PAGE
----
I am currently enrolled as a student in the Transformational Coaching program at Western Seminary, an ICF accredited training program. While I am still a coach-in-training, I believe I can help individuals and ministry leaders right now. Keep reading to learn more…
I help individuals and ministry leaders achieve their goals and become highly effective by exploring their desired outcomes, values, and motivations, and identifying obstacles and support systems in order to map a fulfilling and successful path forward.
WHAT COACHING IS:
Coaching is a unique type of helping relationship that differs from counseling and mentoring. Although there are some similarities, unlike other forms of helping, coaching primarily involves asking questions to help individuals tap into their own expertise and is focused on the present and future. The goal of coaching is action, that is, to move the person being coached forward.
You might be someone who could benefit from coaching if you are:
- Feeling “stuck”
- Trying to figure out where to start
- Longing for self-improvement
- Wanting to advance your ministry or career
- Transitioning in some aspect of your life
- Looking to grow
- Desiring more confidence
WHAT COACHING IS NOT
Coaching is not therapy nor does it involve the diagnosis or treatment of mental disorders as defined by the American Psychiatric Association. Coaching is not to be used as a substitute for counseling, psychotherapy, psychoanalysis, mental health care, substance abuse treatment, or other professional advice by legal, medical or other qualified professionals.
A few more resources defining what Coaching is and isn’t:
- What is coaching according to ICF?
- What is coaching according to the Association for Coaching?
- What is coaching according to the Institute for Life Coach Training?
- ICF on How is coaching different from other service professions?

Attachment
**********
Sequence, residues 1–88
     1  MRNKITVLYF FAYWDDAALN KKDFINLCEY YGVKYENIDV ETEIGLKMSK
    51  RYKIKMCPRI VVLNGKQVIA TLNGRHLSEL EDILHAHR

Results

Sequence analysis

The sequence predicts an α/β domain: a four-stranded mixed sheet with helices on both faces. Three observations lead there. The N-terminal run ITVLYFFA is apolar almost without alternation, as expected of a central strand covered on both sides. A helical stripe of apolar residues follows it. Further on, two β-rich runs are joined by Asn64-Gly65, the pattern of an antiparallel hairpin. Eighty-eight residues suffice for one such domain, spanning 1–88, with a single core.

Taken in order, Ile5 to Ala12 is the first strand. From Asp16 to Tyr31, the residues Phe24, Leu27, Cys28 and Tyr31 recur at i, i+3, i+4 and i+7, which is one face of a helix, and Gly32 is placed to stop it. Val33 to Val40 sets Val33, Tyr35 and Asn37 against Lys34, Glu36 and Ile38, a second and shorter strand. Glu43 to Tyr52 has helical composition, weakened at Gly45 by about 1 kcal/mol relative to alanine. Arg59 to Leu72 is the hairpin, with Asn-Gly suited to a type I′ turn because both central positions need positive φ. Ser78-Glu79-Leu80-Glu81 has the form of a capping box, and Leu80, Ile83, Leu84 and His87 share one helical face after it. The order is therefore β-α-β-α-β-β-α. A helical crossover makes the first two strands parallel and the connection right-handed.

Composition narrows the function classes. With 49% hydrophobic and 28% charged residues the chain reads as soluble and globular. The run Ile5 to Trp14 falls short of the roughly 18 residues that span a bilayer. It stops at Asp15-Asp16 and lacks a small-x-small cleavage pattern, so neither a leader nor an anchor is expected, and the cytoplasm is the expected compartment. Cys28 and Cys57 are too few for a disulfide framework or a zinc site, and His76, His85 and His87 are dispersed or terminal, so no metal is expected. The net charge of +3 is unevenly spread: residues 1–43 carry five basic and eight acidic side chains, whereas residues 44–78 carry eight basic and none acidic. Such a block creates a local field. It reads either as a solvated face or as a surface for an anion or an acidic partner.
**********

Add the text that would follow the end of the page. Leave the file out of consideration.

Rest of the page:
THE COACHING RELATIONSHIP
A coaching relationship can be a powerful experience, involving the development of new possibilities, new levels of achievement, and personal growth. The coaching relationship between the coach and the client is founded upon mutual trust and respect. The central focus of the coaching relationship is the well-being of the client.
Fundamental to a successful coaching experience is learning. The coach supports the client in reaching the desired outcome of the client. The coach supports the client in exploring new ways to view situations, individuals, and possibilities and in developing innovative approaches, plans, strategies, and actions. This innovation involves learning that, at times, may be difficult. There may be times when this learning involves new discoveries about the way an individual’s own actions play a part in situations the individual wishes to change. This type of self-discovery can at times be uncomfortable.
I hold all coaching conversations confidential and will not voluntarily divulge information about a coaching relationship without the written or verbal permission of the client unless legally required to do so. I follow the International Coach Federation (ICF) Code of Ethics.
Additionally, I am a Christian. It is important for you to know this about me because my identity as a Christ-follower frames my values and view of the world, and everything in it. You do not need to share my values and beliefs for me to work with you, but this is the most important thing about me and should inform your decision about whether you want me to partner with you.
Note that a typical one-hour coaching session with me consists of around 45 minutes of a coaching conversation with the remaining time reserved for the person being coached to reflect on his or her goals, progress, and accomplishments.
Finally, I should note that Coaching is not a linear process. Growth rarely is. But growth is always better than stagnation which leads to atrophe.